Cluster Bombs: The Realpolitik
of U.S. Foreign Policy
by Robert Weitzel
www.zmag.org, February 26, 2007
Defense Secretary Gates said that serial
numbers and other markings found on bomb fragments constituted
"pretty good" evidence that Iran was providing weapon
technology and material to Iraqi insurgents. White House spokesman
Tony Snow said he was confident the weaponry was coming with the
approval of the Iranian government.
But Gen. Peter Pace, Chairman of the U.S. Joint Chiefs of Staff,
disagreed saying, "We know that the explosively formed projectiles
are manufactured in Iran. What I would not say is that the Iranian
government per se knows about this."
That a government supplies sophisticated munitions-overtly or
covertly-to countries of strategic or imperialistic interest is
realpolitik; that its signature on a bomb fragment that has decapitated
a Vietnamese or Afghan or Iraqi or Iranian or Kosovar or Lebanese
child is reality, though it is hardly ever the stuff of breaking
That a government exports and expends munitions that continue
to kill civilians long after "mission accomplished"
has been declared is also hardly ever newsworthy. But in the case
of cluster bombs it is the reality on the ground.
Cluster bombs are dropped from planes or fired as rockets and
contain up to 644 bomblets that disperse mid-air, scattering "steel
rain" over a 20,000 square meter area (roughly the size of
two football fields). The bomblets, which look like a soft-drink
can or a D battery, explode on contact and spray deadly razor-sharp
shrapnel up to ten meters.
Other than the obvious danger at the time of impact, up to a quarter
of the bomblets fail to explode, creating a minefield for civilians
long after the fighting has moved on. Young children are especially
vulnerable because they are attracted to the shape and color of
the bomblets as playthings.
The U.S. military released 297 million cluster bomblets over Vietnam,
Cambodia, and Laos. Thirty years later these bomblets continue
to kill farmers in their fields and children unfortunate enough
to find a "plaything." The signature of the U.S. government
is on each and every fragment as it enters their bodies, finally
accomplishing its deadly mission.
In the 1980s, the U.S. government supplied Saddam Hussein, its
surrogate in the Middle East, with cluster bombs and poison gas
in his 8-year war with Iran. The current Iranian government could
make a valid case for U.S. involvement by using the serial numbers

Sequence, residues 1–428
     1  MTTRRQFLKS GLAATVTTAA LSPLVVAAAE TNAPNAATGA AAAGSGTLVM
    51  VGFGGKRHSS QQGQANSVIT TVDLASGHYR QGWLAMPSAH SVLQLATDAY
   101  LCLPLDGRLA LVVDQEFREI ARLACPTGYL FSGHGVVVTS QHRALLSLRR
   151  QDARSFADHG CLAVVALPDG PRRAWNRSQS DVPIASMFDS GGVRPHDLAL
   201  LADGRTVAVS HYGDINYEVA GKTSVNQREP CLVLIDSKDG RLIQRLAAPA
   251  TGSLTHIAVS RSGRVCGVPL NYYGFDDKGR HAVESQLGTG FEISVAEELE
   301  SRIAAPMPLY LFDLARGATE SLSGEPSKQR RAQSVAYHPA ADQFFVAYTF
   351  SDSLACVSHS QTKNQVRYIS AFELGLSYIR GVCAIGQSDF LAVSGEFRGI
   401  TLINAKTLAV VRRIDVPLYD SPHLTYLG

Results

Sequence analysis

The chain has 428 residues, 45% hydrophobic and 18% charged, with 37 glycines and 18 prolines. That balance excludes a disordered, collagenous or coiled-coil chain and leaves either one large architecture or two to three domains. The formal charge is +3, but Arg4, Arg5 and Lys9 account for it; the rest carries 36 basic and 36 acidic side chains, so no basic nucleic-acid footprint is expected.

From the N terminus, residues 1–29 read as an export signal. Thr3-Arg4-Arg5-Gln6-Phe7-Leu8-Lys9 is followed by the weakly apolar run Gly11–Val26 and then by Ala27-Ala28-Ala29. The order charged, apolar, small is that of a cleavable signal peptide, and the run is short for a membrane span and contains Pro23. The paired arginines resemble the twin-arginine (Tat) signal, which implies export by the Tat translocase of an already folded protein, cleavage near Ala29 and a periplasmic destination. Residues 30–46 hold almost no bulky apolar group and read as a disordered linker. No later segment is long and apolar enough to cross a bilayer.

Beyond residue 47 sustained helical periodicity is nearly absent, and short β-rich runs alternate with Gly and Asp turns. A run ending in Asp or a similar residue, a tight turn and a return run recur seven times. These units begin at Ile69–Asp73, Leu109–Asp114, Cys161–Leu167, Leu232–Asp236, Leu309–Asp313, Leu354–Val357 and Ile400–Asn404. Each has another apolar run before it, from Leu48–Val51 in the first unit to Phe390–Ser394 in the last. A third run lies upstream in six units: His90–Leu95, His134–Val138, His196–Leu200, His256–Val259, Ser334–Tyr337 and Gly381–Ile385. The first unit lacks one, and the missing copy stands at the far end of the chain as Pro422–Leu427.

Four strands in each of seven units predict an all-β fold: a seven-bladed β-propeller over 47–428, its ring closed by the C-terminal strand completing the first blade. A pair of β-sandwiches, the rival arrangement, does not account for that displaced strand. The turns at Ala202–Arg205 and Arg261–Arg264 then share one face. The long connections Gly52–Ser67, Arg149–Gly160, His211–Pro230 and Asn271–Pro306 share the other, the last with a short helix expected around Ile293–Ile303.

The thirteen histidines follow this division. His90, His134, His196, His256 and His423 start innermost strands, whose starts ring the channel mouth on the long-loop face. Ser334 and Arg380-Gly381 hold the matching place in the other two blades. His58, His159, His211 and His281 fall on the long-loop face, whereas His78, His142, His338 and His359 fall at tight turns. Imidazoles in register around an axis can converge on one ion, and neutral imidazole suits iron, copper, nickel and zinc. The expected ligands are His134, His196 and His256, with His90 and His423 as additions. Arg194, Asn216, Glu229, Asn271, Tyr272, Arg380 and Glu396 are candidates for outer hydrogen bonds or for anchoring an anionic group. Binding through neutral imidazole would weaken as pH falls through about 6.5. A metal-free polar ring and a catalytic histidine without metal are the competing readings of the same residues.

on the cluster bomblets that continue to pose a deadly threat
to its people 20 years later.
Of the 290,000 bomblets dropped during the 1999 NATO bombing of
Kosovo, 30,000 failed to detonate on impact. In the twelve months
following the cessation of hostilities, 151 civilians-many of
them children-were killed by U.S. autographed bomb fragments.
Human Rights Watch estimates that there are over 5000 unexploded
cluster bomblets still on the ground in Afghanistan five years
after the downfall of the Taliban regime.
During the first Gulf War the United States and Britain dropped
54 million cluster bomblets, and as many as 2 million during the
2003 invasion of Iraq. There are an estimated 13 million unexploded
bomblets on the ground or hanging from trees in both urban and
A total of 30 U.S. troops were killed by unexploded bomblets in
1991 and 2003, while Iraq Body Count, an antiwar organization
that maintains a database of civilian deaths, estimates that cluster
munitions have killed 200 to 372 Iraqi civilians so far.
The "steel rain" of U.S. cluster munitions devastated
the Nader neighborhood of Hillah in 2003. Abdul Jewad al-Timimi,
with his wife and six children, hoped to escape the bombing by
fleeing to his parents' house. Caught in the open as cluster bomblets
exploded around them, the family took shelter in a trash-filled
Mr. al-Timimi remembers hearing the final explosion that ripped
their 2-month old baby, Jacob, from his wife's arms and tore him
in two. Their other five children were killed instantly by the
blast. Mr. al-Timimi and his wife mercilessly survived.
In his grief and rage, al-Timimi told a reporter, "I wished
that the person who started this war . . . could be brought before
me so I could kill him six times or kill six of those close to
Does he know that the shrapnel that ripped his children apart
carried the signature of the U.S. government?
In 2006, Israel dropped 4 million bomblets during its 34-day invasion
of southern Lebanon, almost all of which were dropped in the final
72 hours. An estimated 350,000 failed to explode and continue
to kill and maim civilians.
The United States is the world's largest manufacturer and exporter
of cluster munitions and Israel's major weapons supplier. Predictably,
the U.S. government seal is all over the bomb fragments in Lebanon.
Regardless of the international protest over the use of cluster
munitions, the U.S. continues to buttress its foreign policy,
and that of its strategic allies, with the bestselling bomb that
"stays the course" until it finally reports "mission
accomplished" long after the world's attention has turned
to another battlefield and yet another reason for using them.
In the pragmatic, amoral world of realpolitik, the Iranian government
may very well be supplying Iraqi insurgents with weapons. But
then, any number of countries could be the culprit. Realpolitik
has many faces.
Biography: Robert Weitzel is a freelance writer whose essays
appear in The Capital Times in Madison, WI. He has been published
in the Milwaukee Journal Sentinel, Skeptic Magazine, and Freethought
Today. He can be contacted at: firstname.lastname@example.org
Landmine & Cluster Bomb watch